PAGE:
Mortgagee
The financial institution or person (lender) who is lending the money using a mortgage.

Mortgagor
The person who borrows the money using a mortgage.


O

Open Mortgage
A mortgage that can be repaid at any time during the term without any penalty. For this convenience, the interest rate is between 0.75-1.00% higher than a closed mortgage. 


P

 toP.I.T.
Principal, interest, and property tax due on a mortgage. If your down payment is greater than 25% of the purchase price or appraised value, the lender will allow you to make your own property tax payments.

Portable Mortgage
An existing mortgage that can be transferred to a new property. One would want to port their mortgage in order to avoid any penalties, or if the interest rate is much lower than the current rates.

Prepayment Penalty
A fee charged to a borrower by the lender when the borrower prepays all or part of a mortgage over and above the amount agreed upon. 

Prime
The lowest rate a financial institution charges its best customers.

Principal
The original amount of a loan, before interest.

R

Rate Commitment
The number of days the lender will guarantee the mortgage rate on a mortgage approval. This can vary from lender to lender anywhere from 30 to 120 days.

Refinance
Refers to the replacement of an existing debt obligation with a debt obligation under different terms. The most common consumer refinancing is for a home mortgage.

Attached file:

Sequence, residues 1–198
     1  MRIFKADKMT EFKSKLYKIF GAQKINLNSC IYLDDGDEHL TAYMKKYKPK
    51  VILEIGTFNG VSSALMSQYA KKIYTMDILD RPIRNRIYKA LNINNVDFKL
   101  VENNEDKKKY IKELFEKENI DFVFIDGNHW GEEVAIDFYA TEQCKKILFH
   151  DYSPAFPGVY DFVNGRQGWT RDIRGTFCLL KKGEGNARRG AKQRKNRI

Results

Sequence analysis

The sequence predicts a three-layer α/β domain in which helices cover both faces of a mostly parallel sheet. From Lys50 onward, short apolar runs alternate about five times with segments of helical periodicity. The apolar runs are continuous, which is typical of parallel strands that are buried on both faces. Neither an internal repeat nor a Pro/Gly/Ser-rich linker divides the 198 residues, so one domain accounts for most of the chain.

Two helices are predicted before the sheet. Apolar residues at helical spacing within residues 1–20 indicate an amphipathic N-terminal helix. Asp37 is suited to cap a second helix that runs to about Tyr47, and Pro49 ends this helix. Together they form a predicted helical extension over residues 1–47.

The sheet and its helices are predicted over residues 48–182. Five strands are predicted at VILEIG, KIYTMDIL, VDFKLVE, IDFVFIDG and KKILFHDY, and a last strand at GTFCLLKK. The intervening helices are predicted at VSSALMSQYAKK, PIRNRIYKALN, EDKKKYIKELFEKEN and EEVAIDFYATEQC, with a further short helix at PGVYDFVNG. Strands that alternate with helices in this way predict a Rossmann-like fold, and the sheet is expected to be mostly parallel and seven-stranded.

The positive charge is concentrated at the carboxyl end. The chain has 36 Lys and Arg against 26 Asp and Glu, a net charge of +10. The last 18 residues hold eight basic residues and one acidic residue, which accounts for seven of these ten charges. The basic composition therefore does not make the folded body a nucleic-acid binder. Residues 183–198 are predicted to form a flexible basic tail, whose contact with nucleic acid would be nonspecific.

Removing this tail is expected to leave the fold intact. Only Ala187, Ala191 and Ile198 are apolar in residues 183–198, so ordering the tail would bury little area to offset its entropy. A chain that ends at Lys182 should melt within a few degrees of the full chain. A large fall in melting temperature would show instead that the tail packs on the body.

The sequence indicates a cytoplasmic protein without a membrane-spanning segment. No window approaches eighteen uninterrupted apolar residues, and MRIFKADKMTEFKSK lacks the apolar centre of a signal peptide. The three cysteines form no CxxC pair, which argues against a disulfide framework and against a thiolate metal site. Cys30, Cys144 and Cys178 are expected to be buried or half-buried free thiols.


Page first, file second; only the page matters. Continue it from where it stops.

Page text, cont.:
If the replacement of debt occurs under financial distress, it is also referred to as debt restructuring.

A loan (debt) can be refinanced for various reasons:

  1. to take advantage of a better interest rate (which will result in either a reduced monthly payment or a reduced term)
  2. to consolidate other debt(s) into one loan(this will result in a longer term)
  3. to reduce the monthly repayment amount (this will result in a longer term)
  4. to reduce or alter risk (e.g. changing from a variable-rate to a fixed-rate loan)
  5. to free up cash (this will result in a longer term)

Renewal
When the mortgage term has concluded, your mortgage is up for renewal. It is open at this time for prepayment in part or in full, then renew with same lender or transfer to another lender at no cost.


S

Second Mortgage
A debt registered against a property that is secured by a second charge on the property.

Switch
To transfer an existing mortgage from one financial institution to another. 


T

Term
The period of time the financing agreement covers. The terms available are: 6 month, 1, 2, 3, 4, 5, 6, 7, 10 year terms, and the interest rates will be fixed for whatever term once chooses.

Total Debt Service (TDS) Ratio
It is the other mathematical calculations used by lenders to determine a borrower's capacity to repay a mortgage. It takes into account the mortgage payments, property taxes, approximate heating costs, and 50% of any maintenance fees, and any other monthly obligations (i.e. personal loans, car payments, lines of credit, credit card debts, other mortgages, etc.), and this sum is then divided by the gross income of the applicants. Ratios up to 42% are acceptable.


V

Variable Rate Mortgage
A mortgage for which the interest rate fluctuates based on changes in prime.

Vendor Take Back (VTB) Mortgage
A mortgage provided by the vendor (seller) to the buyer.